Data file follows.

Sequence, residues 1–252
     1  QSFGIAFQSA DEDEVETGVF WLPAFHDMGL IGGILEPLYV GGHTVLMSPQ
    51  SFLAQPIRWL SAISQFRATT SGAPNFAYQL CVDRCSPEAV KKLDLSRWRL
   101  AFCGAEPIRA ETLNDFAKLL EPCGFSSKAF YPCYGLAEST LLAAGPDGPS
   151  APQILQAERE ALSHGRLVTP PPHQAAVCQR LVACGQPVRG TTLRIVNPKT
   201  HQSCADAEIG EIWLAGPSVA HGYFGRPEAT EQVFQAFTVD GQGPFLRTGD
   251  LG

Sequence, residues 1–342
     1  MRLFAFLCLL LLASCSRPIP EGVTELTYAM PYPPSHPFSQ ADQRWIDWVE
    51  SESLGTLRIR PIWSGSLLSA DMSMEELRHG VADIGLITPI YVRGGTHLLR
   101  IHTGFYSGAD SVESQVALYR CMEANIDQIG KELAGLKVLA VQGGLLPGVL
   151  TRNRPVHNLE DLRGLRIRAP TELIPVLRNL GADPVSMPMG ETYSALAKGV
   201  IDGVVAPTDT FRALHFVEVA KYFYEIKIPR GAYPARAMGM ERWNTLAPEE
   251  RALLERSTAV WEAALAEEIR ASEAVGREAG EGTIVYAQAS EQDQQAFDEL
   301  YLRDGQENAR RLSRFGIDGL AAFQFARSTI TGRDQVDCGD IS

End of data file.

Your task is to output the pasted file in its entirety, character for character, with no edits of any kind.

Sequence, residues 1–252
     1  QSFGIAFQSA DEDEVETGVF WLPAFHDMGL IGGILEPLYV GGHTVLMSPQ
    51  SFLAQPIRWL SAISQFRATT SGAPNFAYQL CVDRCSPEAV KKLDLSRWRL
   101  AFCGAEPIRA ETLNDFAKLL EPCGFSSKAF YPCYGLAEST LLAAGPDGPS
   151  APQILQAERE ALSHGRLVTP PPHQAAVCQR LVACGQPVRG TTLRIVNPKT
   201  HQSCADAEIG EIWLAGPSVA HGYFGRPEAT EQVFQAFTVD GQGPFLRTGD
   251  LG

Sequence, residues 1–342
     1  MRLFAFLCLL LLASCSRPIP EGVTELTYAM PYPPSHPFSQ ADQRWIDWVE
    51  SESLGTLRIR PIWSGSLLSA DMSMEELRHG VADIGLITPI YVRGGTHLLR
   101  IHTGFYSGAD SVESQVALYR CMEANIDQIG KELAGLKVLA VQGGLLPGVL
   151  TRNRPVHNLE DLRGLRIRAP TELIPVLRNL GADPVSMPMG ETYSALAKGV
   201  IDGVVAPTDT FRALHFVEVA KYFYEIKIPR GAYPARAMGM ERWNTLAPEE
   251  RALLERSTAV WEAALAEEIR ASEAVGREAG EGTIVYAQAS EQDQQAFDEL
   301  YLRDGQENAR RLSRFGIDGL AAFQFARSTI TGRDQVDCGD IS